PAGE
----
Kathy Colville is Director of Healthy Communities for Cone Health. A $1.8 billion enterprise, it is one of North Carolina’s largest and most comprehensive health networks, serving communities in more than 100 locations, including six hospitals, 95 physician practice sites, and multiple centers of excellence. In this role, Kathy leads Cone Health’s efforts to improve access to care and health outcomes for those most vulnerable to health inequities. I recently spoke with her about some of the challenges she faces as a champion for health systems change.
When I started in 2014, my role was limited; it felt like we needed someone to lead our community health needs assessment (CHNA) and to serve on boards. But as we’ve moved from addressing volume to creating value in health care, my role has shifted. Now, I work at the intersection of health care, public health, and human services.
I’m always thinking about access to care. So meeting with a free clinic or looking at our charity care policy or working with a community partnership is an everyday thing. But there’s also advocacy work where I partner with others within and outside the system. We talk about housing quality. We’ve worked with our city government to get sidewalks built in neighborhoods where our safety net clinics are located. And we’re working on healthy food access. Sometimes we’re just creating connections, and sometimes we’re building things together.
Almost everyone in the health system has a set of outcomes they can measure that show whether they’re making a difference. But in public health, we have so few metrics that are timely and relevant at a geographic level granular enough to be meaningful. This affects our ability to monitor continuous improvement and secure resources.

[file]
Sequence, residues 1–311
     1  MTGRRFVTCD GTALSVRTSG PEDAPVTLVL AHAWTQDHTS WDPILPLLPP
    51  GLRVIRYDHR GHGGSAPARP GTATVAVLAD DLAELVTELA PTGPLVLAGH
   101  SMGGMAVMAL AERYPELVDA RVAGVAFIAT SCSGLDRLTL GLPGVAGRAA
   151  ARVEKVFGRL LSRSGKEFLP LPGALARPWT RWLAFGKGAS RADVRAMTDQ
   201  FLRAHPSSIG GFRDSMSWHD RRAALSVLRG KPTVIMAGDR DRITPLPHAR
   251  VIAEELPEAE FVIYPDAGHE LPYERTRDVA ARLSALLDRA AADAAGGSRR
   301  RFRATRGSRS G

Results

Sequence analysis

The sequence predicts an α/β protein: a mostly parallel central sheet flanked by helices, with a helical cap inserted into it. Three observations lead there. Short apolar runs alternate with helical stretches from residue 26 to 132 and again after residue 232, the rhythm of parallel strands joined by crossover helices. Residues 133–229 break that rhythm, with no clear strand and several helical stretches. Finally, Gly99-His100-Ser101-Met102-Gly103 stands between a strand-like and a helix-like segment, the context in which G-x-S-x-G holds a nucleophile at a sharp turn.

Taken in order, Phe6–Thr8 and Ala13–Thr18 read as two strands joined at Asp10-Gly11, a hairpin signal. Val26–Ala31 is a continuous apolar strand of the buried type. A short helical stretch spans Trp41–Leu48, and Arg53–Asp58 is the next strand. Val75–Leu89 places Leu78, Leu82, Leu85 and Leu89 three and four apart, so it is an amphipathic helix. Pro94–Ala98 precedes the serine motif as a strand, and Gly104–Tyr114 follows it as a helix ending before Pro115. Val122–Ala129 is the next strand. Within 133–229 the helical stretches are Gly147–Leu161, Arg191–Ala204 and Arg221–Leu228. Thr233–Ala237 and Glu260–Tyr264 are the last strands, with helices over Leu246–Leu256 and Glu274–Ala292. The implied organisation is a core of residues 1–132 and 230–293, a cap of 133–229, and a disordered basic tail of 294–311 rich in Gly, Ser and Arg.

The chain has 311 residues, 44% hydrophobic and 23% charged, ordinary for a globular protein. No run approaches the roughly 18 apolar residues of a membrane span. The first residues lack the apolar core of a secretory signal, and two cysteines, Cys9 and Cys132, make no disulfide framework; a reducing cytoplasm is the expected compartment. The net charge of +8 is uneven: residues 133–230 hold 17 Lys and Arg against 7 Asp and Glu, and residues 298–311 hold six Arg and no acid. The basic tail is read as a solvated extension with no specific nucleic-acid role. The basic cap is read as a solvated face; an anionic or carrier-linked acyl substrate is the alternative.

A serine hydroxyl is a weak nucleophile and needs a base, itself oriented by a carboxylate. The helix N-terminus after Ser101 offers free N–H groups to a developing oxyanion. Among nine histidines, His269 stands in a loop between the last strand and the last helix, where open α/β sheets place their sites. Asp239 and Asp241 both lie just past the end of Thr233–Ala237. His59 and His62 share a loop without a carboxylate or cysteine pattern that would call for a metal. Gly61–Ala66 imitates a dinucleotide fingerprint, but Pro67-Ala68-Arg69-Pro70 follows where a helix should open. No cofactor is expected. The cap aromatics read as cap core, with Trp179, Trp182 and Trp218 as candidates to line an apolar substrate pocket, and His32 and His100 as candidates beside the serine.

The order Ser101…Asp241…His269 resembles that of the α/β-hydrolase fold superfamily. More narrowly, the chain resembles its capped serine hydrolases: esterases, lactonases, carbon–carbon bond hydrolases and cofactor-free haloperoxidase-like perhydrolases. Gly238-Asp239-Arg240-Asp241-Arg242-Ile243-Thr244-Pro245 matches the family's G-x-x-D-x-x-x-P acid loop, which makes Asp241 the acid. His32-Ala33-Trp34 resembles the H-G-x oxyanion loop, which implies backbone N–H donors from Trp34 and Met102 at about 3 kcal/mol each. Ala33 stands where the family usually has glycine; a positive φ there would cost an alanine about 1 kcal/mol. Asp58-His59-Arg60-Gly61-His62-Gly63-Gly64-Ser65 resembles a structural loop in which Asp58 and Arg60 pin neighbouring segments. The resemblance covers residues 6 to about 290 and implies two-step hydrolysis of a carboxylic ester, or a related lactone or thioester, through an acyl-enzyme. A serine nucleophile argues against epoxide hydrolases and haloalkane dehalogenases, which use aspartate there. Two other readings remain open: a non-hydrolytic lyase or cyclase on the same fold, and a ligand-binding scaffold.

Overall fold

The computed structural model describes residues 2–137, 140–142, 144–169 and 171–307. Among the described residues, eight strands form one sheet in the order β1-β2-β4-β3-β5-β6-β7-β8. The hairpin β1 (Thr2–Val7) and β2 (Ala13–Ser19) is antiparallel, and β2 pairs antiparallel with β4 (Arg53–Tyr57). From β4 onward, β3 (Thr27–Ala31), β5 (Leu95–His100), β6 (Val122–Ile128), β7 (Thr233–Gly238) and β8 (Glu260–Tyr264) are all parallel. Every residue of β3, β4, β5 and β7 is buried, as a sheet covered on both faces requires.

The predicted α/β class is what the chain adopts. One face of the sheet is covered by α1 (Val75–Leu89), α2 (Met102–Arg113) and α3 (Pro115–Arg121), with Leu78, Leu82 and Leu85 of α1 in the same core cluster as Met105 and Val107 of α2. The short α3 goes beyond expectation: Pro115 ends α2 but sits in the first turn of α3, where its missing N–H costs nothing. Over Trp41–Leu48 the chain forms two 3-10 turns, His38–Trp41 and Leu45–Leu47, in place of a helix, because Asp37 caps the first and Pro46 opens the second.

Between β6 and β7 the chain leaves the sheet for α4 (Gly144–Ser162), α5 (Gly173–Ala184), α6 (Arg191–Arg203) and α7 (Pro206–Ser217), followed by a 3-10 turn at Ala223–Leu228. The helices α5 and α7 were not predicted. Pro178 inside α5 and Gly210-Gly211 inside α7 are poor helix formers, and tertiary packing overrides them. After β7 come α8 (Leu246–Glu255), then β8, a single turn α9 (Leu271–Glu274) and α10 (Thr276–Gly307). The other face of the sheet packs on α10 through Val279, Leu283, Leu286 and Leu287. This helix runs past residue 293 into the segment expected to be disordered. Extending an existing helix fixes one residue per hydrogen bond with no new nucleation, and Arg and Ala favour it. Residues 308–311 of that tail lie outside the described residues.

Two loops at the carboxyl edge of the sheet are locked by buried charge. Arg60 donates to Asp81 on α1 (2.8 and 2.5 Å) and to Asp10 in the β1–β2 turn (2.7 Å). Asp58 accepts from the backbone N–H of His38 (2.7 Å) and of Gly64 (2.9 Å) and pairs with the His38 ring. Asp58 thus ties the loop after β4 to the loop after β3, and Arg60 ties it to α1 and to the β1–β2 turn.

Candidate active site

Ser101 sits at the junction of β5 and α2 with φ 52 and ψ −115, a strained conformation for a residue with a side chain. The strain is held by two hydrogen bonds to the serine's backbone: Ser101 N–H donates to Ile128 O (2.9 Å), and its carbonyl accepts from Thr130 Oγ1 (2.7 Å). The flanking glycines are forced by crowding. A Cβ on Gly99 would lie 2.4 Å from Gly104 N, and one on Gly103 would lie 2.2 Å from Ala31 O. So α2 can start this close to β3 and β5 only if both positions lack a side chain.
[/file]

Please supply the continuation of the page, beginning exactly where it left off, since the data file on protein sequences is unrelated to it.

People agree in principle that we should focus on the social determinants of health (SDOH), but we still need to figure out what interventions have a measurable impact on health and our role in addressing them. So that’s a big question: how do health systems address community health in a way that, rather than forcing them to be something they’re not, collaborates with public health and human services?
Right now, we’re managing two paths. The fee-for-service path rewards us for treating people who are sick. The value-based care path rewards us for keeping people healthy. Our health care systems were built to respond to illness, not to manage and prevent chronic diseases. Health care solved the killers of the past, but the killers of today require different responses. We haven’t figured out how to build that system yet.
I think the structural world of low wages and poverty and racism are formidable challenges, even for the most well-funded grant programs. The idea that it’s now all figured out, and that there are rainbows and unicorns in Cottage Grove isn’t true. But that doesn’t mean things haven’t changed. It’s been a gift to be part of a process that understood that residents are the people who change their community—and then to align resources to foster their leadership. It’s not token resident engagement; it’s a new way of working that we outside service providers have learned as a part of our own evolution.
Lately, I’ve been trying to figure out how the health system can become a better partner by facilitating data sharing and advocating for things like minimum housing standards. As an anchor institution, we have the ability and the responsibility to use our power and privilege to improve residents’ health on their own terms.
These days I know so much more about the gap this work fills in health care providers’ lives. People who have delivered health care in the traditional way for so long just light up when they talk about the potential of community-centered health. It’s demoralizing for many providers to feel like they’re sending their patients into dangerous, unhealthy conditions when they’re discharged. Some healing has to happen through healthy food, homes, and community environments. This just feels like the right thing to do. We’re still focused on repairing hearts, delivering babies, and orthopedic surgeries, but now the stated purpose of Cone Health is to connect health care and wellbeing. We’re a huge organization and change happens slowly, but our leadership is committed to this work and understands that it’s generational.